With this concern in mind and a quaint faith in government at the ready, Reich calls on the state to impose “a curriculum that meets minimal academic standards and that introduces students to value pluralism.” Ignoring the question of whether the government even has the ability to enact such an august task, he instead ponders whether or not there would be “many home schools that would not meet these regulations? I suspect not that many, but I don’t really know” One wonders how such ignorance could in any way justify interfering with a parent’s rights to educate their children as they see fit via zealous and ham-fisted officious inter-meddlers? Reich is unclear on that issue.

Allow Homeschooling but Regulate It

Addressing the issue of homeschooling from a slightly different angle is Georgetown professor Robin West who thinks homeschooling is harmful to children and favors regulation over abolition. While acknowledging the benefits of personalized instruction at home, her real “concern” is that “children who are homeschooled with no state regulation are at greater risk for unreported… physical abuse, when they are completely isolated in their homes.” She then imagines a scenario that only an academic could entertain, in that a school setting is better than the home setting since it “provides a welcome respite [from familial love?]” where a child is regarded at school “not because she is her parent’s child, but because she is a student” (emphasis original).

She then goes onto express concern over the political preferences of home-schooled young adults, but nonetheless concedes (or perhaps laments) “Homeschooling is now such an entrenched practice, recriminalization is not a viable option…” before endorsing Reich’s idea of having the cirriculum reviewed.

Allow Homeschooling but Teach What We Tell You

Still another view of homeschooling is one taken by Northwestern law professor Kimberly Yuracko who reinterprets the Constitution to impose homeschool constraints by reflecting on the “steps a liberal society must take to protect children being raised in illiberal communities.” In particular, she writes that a liberal society should in fact “constrain homeschooling, particularly… by religious fundamentalist families explicitly seeking to shield their children from liberal values of sex equality, gender role fluidity and critical rationality.”

Yuracko believes that the state must regulate homeschooling in order to “ensure that parents provide their children with a basic constitutionally mandated education” (which is left undefined) and to “check rampant forms of sexism in homeschooling so as to prevent the severe under-education of girls by homeschooling parents who believe in female subordination.”

She is also not adverse to using the Equal Protection Clause to ramrod mandates onto who she sees as Handmaid’s Tale-style parents to guarantee an “individual’s a constitutional rights to goods and services”, which to her includes the state’s doctrinal preferences with which to mold impressionable young minds. How Yuracko reconciles this approach to regulating homeschooling with fourth amendment protection against unreasonable search or fifth amendment due process or even the implied first amendment prohibition on compelled speech is never fully explained. Although she does make one chilling tell-tale suggestion, “States might permit third party complaints on behalf of underage children whose education is being interfered with by their parents.” Read that as encouraging snitches to keep the state apprised of how one’s homeschooling neighbor is running things.

However, in spite of all her discomfort, Yuracko realizes that the current political landscape precludes any of her envisioned draconian measures, including an outright ban. Instead she opines that, “probably the most efficient and least invasive way for a state to ensure a basic education is through some form of required testing.” But this apparent concession holds a subtle sting, for while she contemptuously remarks that parents are “free to educate, miseducate and indoctrinate their children as they saw fit” she asserts that a state-mandate “basic education” should serve the purpose of limiting “the extent to which parents may teach their children idiosyncratic and illiberal beliefs and values.”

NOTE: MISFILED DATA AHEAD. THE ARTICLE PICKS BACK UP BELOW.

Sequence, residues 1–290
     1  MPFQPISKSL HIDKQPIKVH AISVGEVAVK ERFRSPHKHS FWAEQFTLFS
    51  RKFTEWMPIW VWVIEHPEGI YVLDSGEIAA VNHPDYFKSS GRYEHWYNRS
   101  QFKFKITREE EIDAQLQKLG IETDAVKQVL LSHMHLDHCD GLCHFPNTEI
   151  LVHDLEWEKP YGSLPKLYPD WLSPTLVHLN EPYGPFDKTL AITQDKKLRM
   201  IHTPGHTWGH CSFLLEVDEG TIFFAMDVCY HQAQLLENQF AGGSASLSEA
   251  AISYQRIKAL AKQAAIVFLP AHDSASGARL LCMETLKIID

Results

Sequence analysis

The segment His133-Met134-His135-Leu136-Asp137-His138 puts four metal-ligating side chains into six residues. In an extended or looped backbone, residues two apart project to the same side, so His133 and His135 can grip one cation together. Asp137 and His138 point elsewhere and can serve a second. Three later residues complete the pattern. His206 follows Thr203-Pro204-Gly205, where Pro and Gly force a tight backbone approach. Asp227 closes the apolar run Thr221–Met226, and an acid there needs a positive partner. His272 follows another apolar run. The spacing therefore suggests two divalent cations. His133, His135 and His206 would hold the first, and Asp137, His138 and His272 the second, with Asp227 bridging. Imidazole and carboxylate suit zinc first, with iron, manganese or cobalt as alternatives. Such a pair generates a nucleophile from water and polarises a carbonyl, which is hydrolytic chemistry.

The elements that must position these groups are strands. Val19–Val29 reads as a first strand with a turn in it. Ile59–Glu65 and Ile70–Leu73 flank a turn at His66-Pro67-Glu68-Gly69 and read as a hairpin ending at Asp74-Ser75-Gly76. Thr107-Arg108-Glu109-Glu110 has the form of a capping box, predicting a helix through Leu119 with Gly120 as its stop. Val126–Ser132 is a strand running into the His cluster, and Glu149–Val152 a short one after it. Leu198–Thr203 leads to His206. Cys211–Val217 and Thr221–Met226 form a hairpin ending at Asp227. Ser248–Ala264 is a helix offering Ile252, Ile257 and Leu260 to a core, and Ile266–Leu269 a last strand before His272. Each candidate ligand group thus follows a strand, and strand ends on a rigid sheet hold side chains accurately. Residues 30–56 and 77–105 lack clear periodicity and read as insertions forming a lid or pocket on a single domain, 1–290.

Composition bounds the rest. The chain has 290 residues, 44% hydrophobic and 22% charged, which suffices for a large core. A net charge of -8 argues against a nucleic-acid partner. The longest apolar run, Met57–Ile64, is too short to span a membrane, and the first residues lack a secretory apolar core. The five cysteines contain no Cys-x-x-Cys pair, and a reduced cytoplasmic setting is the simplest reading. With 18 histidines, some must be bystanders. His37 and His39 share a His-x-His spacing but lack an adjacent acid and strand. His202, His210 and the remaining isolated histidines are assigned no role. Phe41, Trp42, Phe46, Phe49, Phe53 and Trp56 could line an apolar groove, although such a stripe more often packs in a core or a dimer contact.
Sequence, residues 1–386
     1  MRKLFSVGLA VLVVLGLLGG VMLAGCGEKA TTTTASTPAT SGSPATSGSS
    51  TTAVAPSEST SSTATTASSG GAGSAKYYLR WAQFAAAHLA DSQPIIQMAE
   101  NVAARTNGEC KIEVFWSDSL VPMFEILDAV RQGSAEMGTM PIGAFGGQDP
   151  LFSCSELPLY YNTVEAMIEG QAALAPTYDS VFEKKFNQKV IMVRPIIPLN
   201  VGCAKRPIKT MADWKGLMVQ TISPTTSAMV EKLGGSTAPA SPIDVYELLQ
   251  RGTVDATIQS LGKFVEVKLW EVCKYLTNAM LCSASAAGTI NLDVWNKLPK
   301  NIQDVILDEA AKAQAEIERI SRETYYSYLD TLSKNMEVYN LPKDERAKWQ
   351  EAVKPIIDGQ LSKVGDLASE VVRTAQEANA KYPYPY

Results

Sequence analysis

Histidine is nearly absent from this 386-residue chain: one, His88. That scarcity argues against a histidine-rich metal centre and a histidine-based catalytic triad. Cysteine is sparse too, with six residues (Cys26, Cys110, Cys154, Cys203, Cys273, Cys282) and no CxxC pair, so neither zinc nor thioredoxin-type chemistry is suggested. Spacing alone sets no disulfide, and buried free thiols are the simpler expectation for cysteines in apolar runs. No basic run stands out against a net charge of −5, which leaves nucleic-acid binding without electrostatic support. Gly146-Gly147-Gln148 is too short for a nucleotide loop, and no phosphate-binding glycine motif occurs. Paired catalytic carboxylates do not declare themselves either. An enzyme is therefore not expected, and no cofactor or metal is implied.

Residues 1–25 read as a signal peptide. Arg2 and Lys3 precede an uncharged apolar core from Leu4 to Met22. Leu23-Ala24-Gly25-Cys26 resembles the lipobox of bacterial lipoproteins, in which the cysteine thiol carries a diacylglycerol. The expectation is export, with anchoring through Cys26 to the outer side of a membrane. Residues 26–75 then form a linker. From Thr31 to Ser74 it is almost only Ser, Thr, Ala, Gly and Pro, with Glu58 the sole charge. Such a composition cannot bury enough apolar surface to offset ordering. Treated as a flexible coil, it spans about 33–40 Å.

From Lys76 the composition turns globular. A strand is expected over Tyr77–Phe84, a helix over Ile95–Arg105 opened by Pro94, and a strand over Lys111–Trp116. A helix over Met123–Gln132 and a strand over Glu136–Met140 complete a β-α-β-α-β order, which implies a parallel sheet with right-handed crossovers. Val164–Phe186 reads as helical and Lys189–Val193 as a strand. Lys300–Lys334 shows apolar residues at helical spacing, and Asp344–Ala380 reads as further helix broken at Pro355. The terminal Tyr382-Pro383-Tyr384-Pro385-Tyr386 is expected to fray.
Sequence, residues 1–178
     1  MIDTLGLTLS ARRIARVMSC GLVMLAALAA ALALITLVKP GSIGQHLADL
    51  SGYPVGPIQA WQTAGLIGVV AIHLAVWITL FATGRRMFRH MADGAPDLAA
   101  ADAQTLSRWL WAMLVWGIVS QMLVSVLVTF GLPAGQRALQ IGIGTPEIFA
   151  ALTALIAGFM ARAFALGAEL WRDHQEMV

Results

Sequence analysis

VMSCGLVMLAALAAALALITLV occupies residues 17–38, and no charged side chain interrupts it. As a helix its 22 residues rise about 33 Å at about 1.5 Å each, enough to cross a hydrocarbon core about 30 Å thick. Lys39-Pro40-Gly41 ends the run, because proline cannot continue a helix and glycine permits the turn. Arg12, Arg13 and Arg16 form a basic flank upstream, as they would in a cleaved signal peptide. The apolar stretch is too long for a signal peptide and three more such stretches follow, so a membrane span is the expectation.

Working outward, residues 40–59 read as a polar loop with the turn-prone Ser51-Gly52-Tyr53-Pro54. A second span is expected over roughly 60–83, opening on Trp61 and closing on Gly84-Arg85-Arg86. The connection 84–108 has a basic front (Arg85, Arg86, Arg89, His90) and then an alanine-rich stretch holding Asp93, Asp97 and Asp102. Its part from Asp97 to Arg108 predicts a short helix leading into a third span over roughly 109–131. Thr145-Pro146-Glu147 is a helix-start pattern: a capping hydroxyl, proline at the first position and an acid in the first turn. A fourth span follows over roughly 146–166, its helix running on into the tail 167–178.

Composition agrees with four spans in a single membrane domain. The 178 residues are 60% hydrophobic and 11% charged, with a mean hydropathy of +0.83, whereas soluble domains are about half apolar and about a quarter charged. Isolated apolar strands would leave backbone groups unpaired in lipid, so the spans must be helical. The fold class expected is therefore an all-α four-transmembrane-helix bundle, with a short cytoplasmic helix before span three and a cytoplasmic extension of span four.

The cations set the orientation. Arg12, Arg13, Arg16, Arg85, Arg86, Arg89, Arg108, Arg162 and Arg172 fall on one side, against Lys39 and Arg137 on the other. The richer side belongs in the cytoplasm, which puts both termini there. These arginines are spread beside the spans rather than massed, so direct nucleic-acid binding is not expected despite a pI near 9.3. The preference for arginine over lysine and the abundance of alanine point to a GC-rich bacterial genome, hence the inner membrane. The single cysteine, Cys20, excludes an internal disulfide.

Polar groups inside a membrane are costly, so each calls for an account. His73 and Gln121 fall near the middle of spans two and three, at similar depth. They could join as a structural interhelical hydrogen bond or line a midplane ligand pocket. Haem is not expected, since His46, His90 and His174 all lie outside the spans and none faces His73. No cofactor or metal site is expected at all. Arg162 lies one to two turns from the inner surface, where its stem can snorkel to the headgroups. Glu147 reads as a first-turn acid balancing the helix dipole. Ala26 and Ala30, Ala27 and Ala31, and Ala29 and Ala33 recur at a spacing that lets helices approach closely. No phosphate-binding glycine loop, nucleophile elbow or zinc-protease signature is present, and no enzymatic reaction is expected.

In her mind Liberalism involves at least minimal commitments to rationality and autonomy, so if homeschooling parents are going to teach against the enlightenment a state-approved curriculum provides then “they have to label what they are doing as such.” So, in the end, she demands that no matter what, home-schooling parents must still serve to transmit the state’s official doctrine as defined and promulgated by progressive bureaucrats.

Allowed but the State Needs to be in Complete Control

Finally, there is the viewpoint of George Washington law professor Catherine Ross, who sees constitutional law as offering little protection to home-schoolers, noting that “the state has an independent interest in the well-being of children who will be the next generation of citizens.” To bolster her case, she cites California Supreme Court case Hartzell v. Connell (1984) which (quoting the state’s constitution) says “that a child’s public education is too important to be left to the budgetary circumstances and decisions of individual families.” Thus while Ross accepts the utility of regulation, her real desire is to use it as a stalking horse to advance an agenda beyond mere academic competency, and should include “civic messages” that teach “shared social goals and also allow children to choose their own identities as they mature.”

From this perspective, she insists that a there should at least be a minimum state-mandated curriculum imposed on home schools that test not just basic academic standards but should include “broader curricular goals” such as “the right of gender equality” and “lessons on mutual respect for diverse populations and viewpoints.” Thus once again the recurring notion that homeschooling needs to be controlled not because it is has been found lacking in its ability to educated children, but in its ability to educated children in the way the progressive academic elites, the educational establishment, and government bureaucrats want kids to be taught, i.e. indoctrinated, in ideas and notions that it controls.